Balanchine still technically challenging; Sinfonietta’s dancing a delight; Gala Performance proves dated, in spite of ballerinas’ talents
Iain Webb is celebrating both his 10-year milestone as director of the Sarasota Ballet and his surprising achievement in transforming a small, regional ballet company into an international one known for its repertoire by the British choreographer Sir Frederick Ashton.
George Balanchine, Antony Tudor and Ashton are the three legendary masters who loom over the 20th century ballet landscape; they all are noted for their brilliance of choreographic vision. Since ballets by all three were scheduled for a program in the Sarasota Opera House — with the added attraction of the Sarasota Orchestra under the baton of guest conductor Jonathan McPhee — I bought a ticket for the Nov. 18 performance and looked forward to an evening’s escape into nostalgia.
Balanchine was 24 when he choreographed Apollo, the story of a young god finding his strength as an artist; and it can easily be interpreted as the ballet in which Balanchine himself found his own unique voice. The year was 1928, a time between two world wars and a period of experimentation in the visual arts and in the ballet world. And, perhaps most importantly, it was the first of many years of collaboration between Balanchine and Igor Stravinsky.
Balanchine has said that when he first heard the haunting score of Stravinsky’s Apollo Musagete, he was so impressed by the beauty and clarity of the music that he was inspired to create the iconic, neo-classical style of ballet that eventually became the foundation of his choreography.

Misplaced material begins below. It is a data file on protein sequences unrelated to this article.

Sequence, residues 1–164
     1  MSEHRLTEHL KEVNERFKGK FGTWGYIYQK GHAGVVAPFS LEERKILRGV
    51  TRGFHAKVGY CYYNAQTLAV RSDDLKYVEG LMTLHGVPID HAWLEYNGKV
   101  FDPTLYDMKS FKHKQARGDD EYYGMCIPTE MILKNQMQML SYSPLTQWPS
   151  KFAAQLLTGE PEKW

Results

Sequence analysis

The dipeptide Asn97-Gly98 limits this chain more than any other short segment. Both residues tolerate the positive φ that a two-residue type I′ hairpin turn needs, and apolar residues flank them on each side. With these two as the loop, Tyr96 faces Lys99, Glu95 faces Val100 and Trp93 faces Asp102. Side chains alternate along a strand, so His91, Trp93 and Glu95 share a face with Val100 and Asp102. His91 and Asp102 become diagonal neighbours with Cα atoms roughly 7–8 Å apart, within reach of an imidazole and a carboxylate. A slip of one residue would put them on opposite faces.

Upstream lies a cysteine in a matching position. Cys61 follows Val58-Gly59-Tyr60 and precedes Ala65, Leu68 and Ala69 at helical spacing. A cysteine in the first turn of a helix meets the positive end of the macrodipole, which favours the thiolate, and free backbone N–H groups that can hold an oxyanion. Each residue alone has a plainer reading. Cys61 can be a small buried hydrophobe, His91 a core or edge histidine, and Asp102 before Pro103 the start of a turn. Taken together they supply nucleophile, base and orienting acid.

I have seen the ballet Apollo many times, but it has been some years since I have had an opportunity to see a performance accompanied by an on-site orchestra, so it was a special treat to hear the orchestra play as the curtain rose on Nov. 18.
Essentially, the ballet tells the story of Apollo, the god of music (Ricardo Rhodes), and his encounter with three muses: Calliope, the muse of poetry (Amy Wood), Polyhymnia, the muse of mime (Kristianne Kleine), and Terpsichore, the muse of dance and song (Victoria Hulland). There is a prologue of a birth scene that ends with Rhodes, now the adult Apollo, alone on stage, playing a lyre with wild arm movements as if getting ready to lasso an object. Then the three muses appear, long legs stretching out in space to announce their entrance.